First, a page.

Thyroid-Stimulating Hormone

The amount of thyroid-stimulating hormone (TSH) or thyrotropin can be measured from a sample of blood. The TSH level can help diagnose thyroid gland or pituitary gland disorders, or monitor treatment of hypothyroidism and hyperthyroidism. TSH is produced by the pituitary gland, a tiny organ located below the brain.

The pituitary gland is part of the body's feedback system to maintain stable levels of thyroid hormones released into the blood. Thyroid hormones help control the rate at which the body uses energy. The pituitary gland monitors the level of thyroid hormones released by the thyroid gland. The thyroid gland is a small butterfly-shaped gland that lies flat against the windpipe.

If the thyroid gland does not release enough thyroid hormones, the pituitary gland detects the reduced thyroid hormone levels. The pituitary gland then makes more TSH to trigger the thyroid gland to produce more thyroid hormones. This increase in TSH is an effort to return the low thyroid hormones to normal levels. The increased TSH level is caused by the low thyroid hormone levels of an underactive thyroid (hypothyroidism). Symptoms of hypothyroidism include menstrual irregularities in women, weight gain, dry skin, constipation, cold intolerance, and fatigue. Rarely, a high TSH level can indicate a problem with the pituitary gland. A high TSH level could also occur when there is an insufficient level of thyroid hormone medication in individuals receiving that medication.

If the thyroid gland releases too much thyroid hormones, the pituitary gland detects the increased thyroid hormone levels. The pituitary gland then makes less TSH to slow the thyroid gland from producing thyroid hormones. This decrease in TSH is an effort to return the increased thyroid hormones to normal levels. The decreased TSH level is caused by the excess thyroid hormone levels of an overactive thyroid gland (hyperthyroidism). Symptoms associated with hyperthyroidism include rapid heart rate, weight loss, nervousness, hand tremors, irritated eyes, and difficulty sleeping. Rarely, a low TSH level can indicate a problem with the pituitary gland.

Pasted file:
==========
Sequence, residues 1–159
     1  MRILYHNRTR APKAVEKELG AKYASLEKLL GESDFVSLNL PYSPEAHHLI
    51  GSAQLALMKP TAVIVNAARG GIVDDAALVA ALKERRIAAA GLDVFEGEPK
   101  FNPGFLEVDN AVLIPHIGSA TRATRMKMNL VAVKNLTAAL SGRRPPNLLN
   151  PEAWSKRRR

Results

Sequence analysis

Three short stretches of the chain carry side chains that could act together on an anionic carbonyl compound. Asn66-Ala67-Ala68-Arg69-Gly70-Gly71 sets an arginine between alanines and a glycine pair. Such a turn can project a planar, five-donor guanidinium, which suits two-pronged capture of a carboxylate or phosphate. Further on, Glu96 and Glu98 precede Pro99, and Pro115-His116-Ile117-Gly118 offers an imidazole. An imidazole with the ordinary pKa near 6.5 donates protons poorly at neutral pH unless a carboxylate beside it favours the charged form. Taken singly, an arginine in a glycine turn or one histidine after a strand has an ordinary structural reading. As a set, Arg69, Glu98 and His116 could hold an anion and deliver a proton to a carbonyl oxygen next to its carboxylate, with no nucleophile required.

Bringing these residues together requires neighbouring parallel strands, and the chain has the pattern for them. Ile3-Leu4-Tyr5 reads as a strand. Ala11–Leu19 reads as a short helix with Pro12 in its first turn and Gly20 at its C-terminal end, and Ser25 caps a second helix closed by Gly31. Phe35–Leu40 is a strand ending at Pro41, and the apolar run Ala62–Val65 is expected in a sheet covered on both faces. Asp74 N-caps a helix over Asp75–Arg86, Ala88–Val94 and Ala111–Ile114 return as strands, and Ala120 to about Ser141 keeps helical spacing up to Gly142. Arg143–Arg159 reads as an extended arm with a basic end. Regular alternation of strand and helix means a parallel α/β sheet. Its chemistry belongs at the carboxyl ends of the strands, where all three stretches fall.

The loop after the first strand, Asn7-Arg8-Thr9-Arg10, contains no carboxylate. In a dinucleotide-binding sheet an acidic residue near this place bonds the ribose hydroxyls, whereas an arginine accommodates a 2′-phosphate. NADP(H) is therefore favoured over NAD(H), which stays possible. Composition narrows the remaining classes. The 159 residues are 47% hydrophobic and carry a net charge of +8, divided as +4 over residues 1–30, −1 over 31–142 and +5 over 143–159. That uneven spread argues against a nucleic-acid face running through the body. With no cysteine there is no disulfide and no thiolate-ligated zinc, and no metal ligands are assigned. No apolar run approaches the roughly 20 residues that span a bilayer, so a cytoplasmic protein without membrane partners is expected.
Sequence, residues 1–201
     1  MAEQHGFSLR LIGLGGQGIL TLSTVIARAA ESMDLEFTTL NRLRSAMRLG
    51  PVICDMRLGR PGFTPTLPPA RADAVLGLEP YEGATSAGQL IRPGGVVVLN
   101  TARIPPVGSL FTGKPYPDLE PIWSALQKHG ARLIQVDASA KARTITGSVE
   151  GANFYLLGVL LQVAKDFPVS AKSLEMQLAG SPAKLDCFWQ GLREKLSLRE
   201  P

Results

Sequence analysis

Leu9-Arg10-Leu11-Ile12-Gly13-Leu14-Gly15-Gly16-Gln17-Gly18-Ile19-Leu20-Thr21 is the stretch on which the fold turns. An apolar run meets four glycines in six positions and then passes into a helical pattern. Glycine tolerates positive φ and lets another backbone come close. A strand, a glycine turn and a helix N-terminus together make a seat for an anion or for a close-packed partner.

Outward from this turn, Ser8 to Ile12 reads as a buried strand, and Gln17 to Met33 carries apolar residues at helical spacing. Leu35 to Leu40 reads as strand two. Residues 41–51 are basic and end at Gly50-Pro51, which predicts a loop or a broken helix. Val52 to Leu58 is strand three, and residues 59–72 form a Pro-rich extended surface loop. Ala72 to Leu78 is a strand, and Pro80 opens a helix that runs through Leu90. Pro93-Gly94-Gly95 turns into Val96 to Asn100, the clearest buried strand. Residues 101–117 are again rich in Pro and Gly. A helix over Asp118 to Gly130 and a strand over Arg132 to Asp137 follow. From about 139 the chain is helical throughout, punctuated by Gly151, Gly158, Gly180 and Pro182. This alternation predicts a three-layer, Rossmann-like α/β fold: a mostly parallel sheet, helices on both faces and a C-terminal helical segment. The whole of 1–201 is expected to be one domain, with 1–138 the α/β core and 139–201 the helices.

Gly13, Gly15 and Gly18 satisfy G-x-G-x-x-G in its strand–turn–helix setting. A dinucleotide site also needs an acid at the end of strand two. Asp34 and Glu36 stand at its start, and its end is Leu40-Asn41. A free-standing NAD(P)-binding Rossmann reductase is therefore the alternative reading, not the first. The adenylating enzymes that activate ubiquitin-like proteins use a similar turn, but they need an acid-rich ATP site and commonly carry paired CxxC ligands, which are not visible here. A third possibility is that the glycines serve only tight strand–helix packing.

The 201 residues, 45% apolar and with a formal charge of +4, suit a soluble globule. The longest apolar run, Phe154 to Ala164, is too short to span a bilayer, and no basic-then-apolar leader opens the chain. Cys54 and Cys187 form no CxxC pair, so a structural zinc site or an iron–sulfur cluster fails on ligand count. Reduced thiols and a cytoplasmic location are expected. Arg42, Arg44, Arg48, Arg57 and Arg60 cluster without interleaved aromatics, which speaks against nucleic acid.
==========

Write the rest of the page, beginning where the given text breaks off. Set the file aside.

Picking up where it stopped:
PREPARATION FOR TEST

No specific preparation is required for this blood test. A blood sample is obtained from a needle placed in a vein in your arm or from pricking the heel of an infant.

NORMAL FINDINGS

  • Adult: 0.5-5 milli-international Units/L (0.5-5 mIU/L)

  • Newborn: 3-20 milli-international Units/L (3-20 mIU/L)

  • Cord: 3-12 milli-international Units/L (3-12 mIU/L)

Ranges for normal findings may vary among different laboratories and hospitals. You should always check with your doctor after having lab work or other tests done to discuss the meaning of your test results and whether your values are considered within normal limits.

MEANING OF TEST

Your caregiver will go over the test results with you and discuss the importance and meaning of your results, as well as treatment options and the need for additional tests if necessary.

OBTAINING THE TEST RESULTS

It is your responsibility to obtain your test results. Ask the lab or department performing the test when and how you will get your results.